Waterhouse is located around the corner from Casal’s Spa and Salon and Hunan Number One.
Cold-pressed juice bar JRINK is now open in the Clarendon area.
The store, at 3260 Wilson Blvd, held its grand opening on Sunday. It offers 100 percent cold-pressed, all-natural juice that’s produced locally, at a price of $9-10 per bottle.
JRINK is competing with nearby South Block Juice Co. in the high-end juice space, which has found a market thanks in part to the popularity of so-called juice cleanses. JRINK — like South Block — also offers coffee, smoothies and superfood bowls.
This is the second Virginia store for JRINK, which has four existing locations in the District and a fifth in Falls Church, where its juices are made. The company says the new Clarendon store is the first of its kind in the region with a drive-thru window.
“JRINK’s newest location allows customers to enjoy a drive-thru experience that keeps your health in check, as well as a full storefront offering their signature juices, warm beverages, and superfoods,” notes a press release.
“Each JRINK flavor (ranging from $9-$10 each or $155 for a full, three-day reboot) contains up to five pounds of fresh fruits and vegetables… completely free of added sugar, preservatives and chemicals,” the press release adds.
While microbreweries are popping up all over the D.C. area, East Falls Church could soon be home to a “micro-juicery,” from the owner of South Block Cafe.
Amir Mostafavi says South Block Juice Company will open at 2121 N. Westmoreland Street in the next few months. The facility will produce the juice served at South Block and will be available for pickup around the area and for home delivery.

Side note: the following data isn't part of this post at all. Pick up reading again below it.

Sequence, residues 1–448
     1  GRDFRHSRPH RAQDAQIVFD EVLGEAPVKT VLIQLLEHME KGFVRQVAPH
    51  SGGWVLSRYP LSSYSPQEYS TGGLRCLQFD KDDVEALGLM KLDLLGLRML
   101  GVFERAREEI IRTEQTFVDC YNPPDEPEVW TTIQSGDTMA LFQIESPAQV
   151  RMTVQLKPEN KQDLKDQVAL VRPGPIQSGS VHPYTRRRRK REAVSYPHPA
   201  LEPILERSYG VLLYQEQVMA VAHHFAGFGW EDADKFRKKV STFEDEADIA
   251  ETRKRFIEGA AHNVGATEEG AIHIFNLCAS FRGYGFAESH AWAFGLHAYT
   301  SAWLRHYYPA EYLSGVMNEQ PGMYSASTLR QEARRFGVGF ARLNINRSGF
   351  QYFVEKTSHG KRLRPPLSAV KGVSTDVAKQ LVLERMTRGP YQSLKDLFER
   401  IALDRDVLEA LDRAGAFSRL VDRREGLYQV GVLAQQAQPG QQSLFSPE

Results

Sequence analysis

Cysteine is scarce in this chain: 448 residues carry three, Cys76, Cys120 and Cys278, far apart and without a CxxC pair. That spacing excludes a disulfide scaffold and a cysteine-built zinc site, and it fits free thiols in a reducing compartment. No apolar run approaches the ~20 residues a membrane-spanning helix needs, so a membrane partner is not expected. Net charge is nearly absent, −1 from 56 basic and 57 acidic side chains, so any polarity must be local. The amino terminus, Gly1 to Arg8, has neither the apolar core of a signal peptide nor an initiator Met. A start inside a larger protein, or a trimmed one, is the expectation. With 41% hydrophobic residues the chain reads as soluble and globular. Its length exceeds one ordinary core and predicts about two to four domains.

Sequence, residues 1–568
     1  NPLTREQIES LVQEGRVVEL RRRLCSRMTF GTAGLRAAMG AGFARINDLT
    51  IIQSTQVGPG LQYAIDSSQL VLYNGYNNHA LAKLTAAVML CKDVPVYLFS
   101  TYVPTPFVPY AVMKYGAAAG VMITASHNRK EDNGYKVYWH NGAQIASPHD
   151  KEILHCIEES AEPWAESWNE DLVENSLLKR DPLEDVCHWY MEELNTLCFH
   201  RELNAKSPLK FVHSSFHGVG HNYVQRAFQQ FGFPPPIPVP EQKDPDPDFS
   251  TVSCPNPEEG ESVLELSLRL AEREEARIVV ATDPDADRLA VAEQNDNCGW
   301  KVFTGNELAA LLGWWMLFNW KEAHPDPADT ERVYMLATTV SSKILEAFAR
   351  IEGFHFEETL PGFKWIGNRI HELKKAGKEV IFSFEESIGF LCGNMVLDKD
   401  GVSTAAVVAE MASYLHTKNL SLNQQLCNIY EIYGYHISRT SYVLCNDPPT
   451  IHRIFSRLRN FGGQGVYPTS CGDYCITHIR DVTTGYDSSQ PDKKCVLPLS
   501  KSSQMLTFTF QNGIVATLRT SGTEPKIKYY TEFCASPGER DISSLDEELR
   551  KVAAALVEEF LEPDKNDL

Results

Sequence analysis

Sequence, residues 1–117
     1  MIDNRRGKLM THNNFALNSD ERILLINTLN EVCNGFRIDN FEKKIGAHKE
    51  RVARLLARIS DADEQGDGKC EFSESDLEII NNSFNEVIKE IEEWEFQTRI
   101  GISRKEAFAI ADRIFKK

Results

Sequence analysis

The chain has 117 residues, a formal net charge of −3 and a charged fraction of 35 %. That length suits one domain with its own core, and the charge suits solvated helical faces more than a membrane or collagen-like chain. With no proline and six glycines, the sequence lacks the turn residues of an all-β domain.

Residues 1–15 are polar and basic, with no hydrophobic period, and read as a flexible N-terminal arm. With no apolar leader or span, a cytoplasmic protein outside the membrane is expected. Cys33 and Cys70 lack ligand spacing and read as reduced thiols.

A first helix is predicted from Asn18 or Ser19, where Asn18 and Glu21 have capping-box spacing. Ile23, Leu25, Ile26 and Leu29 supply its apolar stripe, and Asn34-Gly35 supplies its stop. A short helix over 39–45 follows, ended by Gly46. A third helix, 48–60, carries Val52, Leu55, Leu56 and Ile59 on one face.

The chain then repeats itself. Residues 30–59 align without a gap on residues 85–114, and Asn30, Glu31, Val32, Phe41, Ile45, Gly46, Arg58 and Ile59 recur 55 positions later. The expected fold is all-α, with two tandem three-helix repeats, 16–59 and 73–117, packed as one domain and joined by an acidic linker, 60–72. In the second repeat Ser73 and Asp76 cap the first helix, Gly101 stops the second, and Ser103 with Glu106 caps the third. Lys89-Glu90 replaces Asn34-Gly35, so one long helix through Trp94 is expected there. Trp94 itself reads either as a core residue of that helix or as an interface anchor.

Mostafavi said he wants customers to be able to look into the location and see how the juice is made, and perhaps take tours like visitors do at microbreweries. The juice will also be sold fresh next door at Urban Pantry, which opened last week.
“It’s going to be our new production facility,” Mostafavi said. “We needed a larger space for our kitchen. The space we’re making the juice at right now, we’ve just outgrown it. We’re getting a larger juicer that’s going to greatly increase our volume and capacity. It’s something we’ve been looking into for a little while now as we’ve grown in the juice part of the business.”
South Block has been getting its juice from Mostafavi’s kitchen at Campus Fresh on George Washington University’s campus. Mostafavi opened that store 10 years ago and South Block Cafe opened three years ago, but when he bought a cold press a year ago to sell juice in bottles, the business exploded.
“Once I bought the cold press, that’s when the business took off,” he said. “We’ve already been getting a lot of customers throughout the area coming to our shop for the juice for juice cleanses.”
South Block Juice Company will get a revamped website around when the micro-juicery opens, Mostafavi said, which will make it easier for customers to order juices for delivery. That includes the three-day juice cleanse, which includes 18 bottles of juice, to be drank in specific order, for $150.
Mostafavi also said South Block is looking into “satellite locations” in the next year or so, and he hopes to soon begin national distribution.